motivation · Rowing

Lessons sports teach you: Perfection is the enemy of excellence


Our rowing coach told us today to think about improving the ratio of good to bad strokes rather than striving for perfection. I think that’s terrific advice in many areas of life. Rowing, yes, but writing too.

Don’t let your bad days define you.

The idea is to put bad strokes behind you instantly. They’re gone, they’re over, don’t dwell.

No one is perfect. I got a good reminder of this on the weekend when I worked one of the rescue boats at a regatta hosted by our club.

Our job is to help ensure the safety of rowers. We kept sailboats and kayakers away from the course. We also were charged with seeing if “flippers and tippers” needed aid. If they can get back in their boat and row on they can continue in the race so you need to ask if help is wanted.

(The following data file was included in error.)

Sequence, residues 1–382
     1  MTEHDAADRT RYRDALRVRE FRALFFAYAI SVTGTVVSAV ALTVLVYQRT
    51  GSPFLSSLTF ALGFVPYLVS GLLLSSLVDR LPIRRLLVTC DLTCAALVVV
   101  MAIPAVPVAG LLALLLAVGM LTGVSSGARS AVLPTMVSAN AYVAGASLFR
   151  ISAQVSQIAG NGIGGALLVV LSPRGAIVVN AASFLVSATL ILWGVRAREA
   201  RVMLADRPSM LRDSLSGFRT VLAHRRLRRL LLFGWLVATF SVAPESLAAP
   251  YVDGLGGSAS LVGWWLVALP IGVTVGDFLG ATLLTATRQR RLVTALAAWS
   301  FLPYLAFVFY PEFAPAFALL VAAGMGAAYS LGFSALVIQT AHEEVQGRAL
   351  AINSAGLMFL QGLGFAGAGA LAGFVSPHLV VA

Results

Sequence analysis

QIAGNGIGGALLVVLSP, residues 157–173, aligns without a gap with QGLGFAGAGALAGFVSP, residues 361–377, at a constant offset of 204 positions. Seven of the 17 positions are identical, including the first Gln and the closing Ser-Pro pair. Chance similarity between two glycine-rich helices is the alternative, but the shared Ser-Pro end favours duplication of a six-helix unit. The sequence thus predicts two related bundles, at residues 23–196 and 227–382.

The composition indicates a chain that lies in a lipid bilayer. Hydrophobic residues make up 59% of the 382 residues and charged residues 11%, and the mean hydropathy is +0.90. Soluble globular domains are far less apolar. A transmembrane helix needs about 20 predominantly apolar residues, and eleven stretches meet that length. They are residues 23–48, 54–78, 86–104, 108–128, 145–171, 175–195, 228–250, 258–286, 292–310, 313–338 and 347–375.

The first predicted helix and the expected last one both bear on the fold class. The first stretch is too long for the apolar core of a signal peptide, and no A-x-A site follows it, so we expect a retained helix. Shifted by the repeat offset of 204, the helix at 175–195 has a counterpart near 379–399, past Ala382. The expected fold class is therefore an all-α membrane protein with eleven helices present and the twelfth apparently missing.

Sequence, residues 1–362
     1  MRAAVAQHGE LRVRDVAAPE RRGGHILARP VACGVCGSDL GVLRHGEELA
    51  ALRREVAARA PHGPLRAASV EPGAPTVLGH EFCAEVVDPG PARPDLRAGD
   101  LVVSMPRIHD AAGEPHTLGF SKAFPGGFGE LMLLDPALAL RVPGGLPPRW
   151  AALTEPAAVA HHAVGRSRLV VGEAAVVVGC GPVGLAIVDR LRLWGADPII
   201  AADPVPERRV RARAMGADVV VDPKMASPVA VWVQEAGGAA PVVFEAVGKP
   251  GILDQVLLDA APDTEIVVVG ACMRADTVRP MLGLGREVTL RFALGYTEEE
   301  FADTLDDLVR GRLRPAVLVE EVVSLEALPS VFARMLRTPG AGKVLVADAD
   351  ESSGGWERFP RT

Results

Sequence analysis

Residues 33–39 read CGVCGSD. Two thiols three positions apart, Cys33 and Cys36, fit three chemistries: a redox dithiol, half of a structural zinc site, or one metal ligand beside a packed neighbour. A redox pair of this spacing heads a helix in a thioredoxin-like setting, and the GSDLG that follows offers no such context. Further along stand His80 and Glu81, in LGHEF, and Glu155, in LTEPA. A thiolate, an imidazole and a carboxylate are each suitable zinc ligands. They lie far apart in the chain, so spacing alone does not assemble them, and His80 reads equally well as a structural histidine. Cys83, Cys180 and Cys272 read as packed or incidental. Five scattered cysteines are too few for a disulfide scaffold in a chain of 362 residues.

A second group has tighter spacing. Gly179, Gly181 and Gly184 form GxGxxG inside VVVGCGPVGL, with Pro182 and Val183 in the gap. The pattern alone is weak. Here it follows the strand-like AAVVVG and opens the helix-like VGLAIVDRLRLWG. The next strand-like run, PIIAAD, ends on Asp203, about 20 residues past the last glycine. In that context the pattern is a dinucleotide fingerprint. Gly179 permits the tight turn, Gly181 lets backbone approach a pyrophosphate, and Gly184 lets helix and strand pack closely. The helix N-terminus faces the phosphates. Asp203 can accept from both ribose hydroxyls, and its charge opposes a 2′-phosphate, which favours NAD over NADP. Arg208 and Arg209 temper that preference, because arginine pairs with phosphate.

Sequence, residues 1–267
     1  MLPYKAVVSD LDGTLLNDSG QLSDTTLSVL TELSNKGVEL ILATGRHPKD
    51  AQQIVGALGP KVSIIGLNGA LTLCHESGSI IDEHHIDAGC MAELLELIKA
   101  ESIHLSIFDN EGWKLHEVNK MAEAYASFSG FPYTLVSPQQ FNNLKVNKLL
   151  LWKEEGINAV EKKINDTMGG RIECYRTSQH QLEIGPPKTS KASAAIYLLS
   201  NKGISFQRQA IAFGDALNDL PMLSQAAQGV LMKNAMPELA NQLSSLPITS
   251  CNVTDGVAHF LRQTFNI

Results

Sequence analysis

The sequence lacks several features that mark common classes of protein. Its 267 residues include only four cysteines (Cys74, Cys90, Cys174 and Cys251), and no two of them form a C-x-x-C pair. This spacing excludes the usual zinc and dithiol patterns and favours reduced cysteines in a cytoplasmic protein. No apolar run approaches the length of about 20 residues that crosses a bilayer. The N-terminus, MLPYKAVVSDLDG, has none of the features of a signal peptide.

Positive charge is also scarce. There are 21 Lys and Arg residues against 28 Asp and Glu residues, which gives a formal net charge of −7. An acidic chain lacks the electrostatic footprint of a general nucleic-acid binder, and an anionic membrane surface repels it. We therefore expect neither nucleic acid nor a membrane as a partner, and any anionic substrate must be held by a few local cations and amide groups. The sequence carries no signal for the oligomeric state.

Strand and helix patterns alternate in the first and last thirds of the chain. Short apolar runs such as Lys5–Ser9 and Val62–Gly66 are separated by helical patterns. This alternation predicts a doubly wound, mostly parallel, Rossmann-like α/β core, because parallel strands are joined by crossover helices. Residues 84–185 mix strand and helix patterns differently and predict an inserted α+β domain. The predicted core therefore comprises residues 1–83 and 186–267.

Only one boat flipped on our watch. It was in a women’s single race, under 23, I think. Everyone assumed it was one of the novice rowers but no, it was a member of the national rowing team who’d flipped her single. She was in the lead at the time.

Thinking about performance in terms of ratio of good to bad, helps you think about getting better. Otherwise, we default to all or nothing thinking.

I sometimes think feminists need this awareness, maybe progressive people generally. We criticize most harshly ourselves and others for our mistakes when we’re getting it right eighty percent of the time.

Would it be better to get it wrong all the time?


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